Tuesday, July 6, 2010

No Schizophrenia Here

The latest This Modern World is excellent:


Kevin Drum lays out his disappointments with Obama and calls them -- maybe not so helpfully -- "schizophrenia":
I never expected to like everything he did. The reason I'm schizophrenic is that it's almost impossible to get a handle on what he really wants. Did he want a bigger stimulus bill but compromised down because $800 billion was all he could get? Or did he not really want more than that in the first place? Ditto for the public option. Ditto for DADT repeal, which he had to be pushed into supporting this year. And ditto again on financial reform, which is worth passing only because of numerous amendments to the original bill. On all of these issues and more, I don't feel like I ever knew what Obama's real position was. There's a big difference between compromising because politics is what it is and you have no choice, and compromising because the more centrist position is the one you genuinely hold. But Obama never gives me a good sense of which it is with him. ... [T]here was seldom any question about where FDR stood on the big issues, and you either loved him or hated him for it. With Obama, I'm left unsure far too often for comfort. Thus my schizophrenia.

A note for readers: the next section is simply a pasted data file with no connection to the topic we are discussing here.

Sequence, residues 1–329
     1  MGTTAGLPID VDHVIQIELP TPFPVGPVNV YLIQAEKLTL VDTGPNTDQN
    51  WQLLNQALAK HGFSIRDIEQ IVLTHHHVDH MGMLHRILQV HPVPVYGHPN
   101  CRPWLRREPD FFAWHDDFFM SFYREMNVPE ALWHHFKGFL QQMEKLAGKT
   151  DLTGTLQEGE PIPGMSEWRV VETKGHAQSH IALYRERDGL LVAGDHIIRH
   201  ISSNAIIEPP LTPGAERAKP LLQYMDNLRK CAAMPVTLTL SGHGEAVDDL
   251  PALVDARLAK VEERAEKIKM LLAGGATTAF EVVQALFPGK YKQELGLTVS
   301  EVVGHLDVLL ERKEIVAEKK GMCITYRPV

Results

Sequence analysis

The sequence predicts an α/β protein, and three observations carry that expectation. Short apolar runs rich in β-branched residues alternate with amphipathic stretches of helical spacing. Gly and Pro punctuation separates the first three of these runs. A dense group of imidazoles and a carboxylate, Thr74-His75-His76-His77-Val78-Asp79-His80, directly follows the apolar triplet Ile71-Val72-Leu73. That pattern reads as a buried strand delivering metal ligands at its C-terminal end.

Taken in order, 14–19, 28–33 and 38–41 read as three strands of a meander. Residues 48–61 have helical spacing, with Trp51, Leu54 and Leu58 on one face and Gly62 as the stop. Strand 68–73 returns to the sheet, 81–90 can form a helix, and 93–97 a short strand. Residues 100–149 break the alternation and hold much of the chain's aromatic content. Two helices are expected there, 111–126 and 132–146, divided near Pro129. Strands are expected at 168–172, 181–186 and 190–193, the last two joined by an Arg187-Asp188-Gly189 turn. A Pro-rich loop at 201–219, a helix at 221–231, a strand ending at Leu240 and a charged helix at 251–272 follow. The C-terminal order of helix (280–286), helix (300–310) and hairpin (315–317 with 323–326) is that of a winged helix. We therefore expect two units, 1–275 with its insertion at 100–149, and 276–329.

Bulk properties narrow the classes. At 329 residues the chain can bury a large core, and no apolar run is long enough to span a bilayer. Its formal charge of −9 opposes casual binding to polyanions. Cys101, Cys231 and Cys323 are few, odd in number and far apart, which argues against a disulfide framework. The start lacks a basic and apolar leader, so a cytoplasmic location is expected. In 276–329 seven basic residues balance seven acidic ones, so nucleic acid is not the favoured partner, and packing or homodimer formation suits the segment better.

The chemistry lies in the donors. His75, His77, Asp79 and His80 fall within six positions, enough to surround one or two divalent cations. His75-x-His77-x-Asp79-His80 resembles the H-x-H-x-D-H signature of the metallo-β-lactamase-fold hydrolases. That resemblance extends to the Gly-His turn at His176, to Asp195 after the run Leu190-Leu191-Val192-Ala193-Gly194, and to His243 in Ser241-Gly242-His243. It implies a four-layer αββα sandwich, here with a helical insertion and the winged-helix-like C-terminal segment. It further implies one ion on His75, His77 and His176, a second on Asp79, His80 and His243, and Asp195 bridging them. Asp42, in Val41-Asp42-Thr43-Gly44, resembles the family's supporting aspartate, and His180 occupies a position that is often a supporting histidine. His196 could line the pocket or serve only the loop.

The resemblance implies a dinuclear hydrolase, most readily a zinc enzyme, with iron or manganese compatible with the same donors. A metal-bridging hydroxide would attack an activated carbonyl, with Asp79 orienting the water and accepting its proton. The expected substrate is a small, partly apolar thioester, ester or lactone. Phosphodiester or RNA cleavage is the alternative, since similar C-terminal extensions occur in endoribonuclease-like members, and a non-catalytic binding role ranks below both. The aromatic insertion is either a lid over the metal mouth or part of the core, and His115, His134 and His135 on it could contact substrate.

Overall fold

I was not bold enough to place strong hopes in the next FDR. Obama's disappointments have ranged from the expected-mild (the final outcome on health care reform) to the distressing-depressing (still no action at all on climate change or expanded labor organizing rights) to the unforgivably galling (civil liberties, executive power, Supreme Court nominations).

I had not simply hoped but expected a clean break from the Bush-Cheney junta on the fundamental questions of the rule of law -- all that chatter about "former law professor" and pretty definite pre-election commitments put this beyond the merely aspirational. On these grounds -- as documented day after day by Glenn Greenwald, among others -- Obama-Biden have been a spectacular, dismal, abject failure.

So yes, as the cynical operator in the Tom Tomorrow cartoon indicates, the USA will soon choose between a continuation of Obama-Biden's middling, weak, indefinite efforts and a firmer, clearer, wider stance from Sarah Palin (or a close approximation). It takes a crazy person to imagine that turning out in Obama-Biden's favor, and it's becoming harder and harder to sustain a sane rationale for caring.

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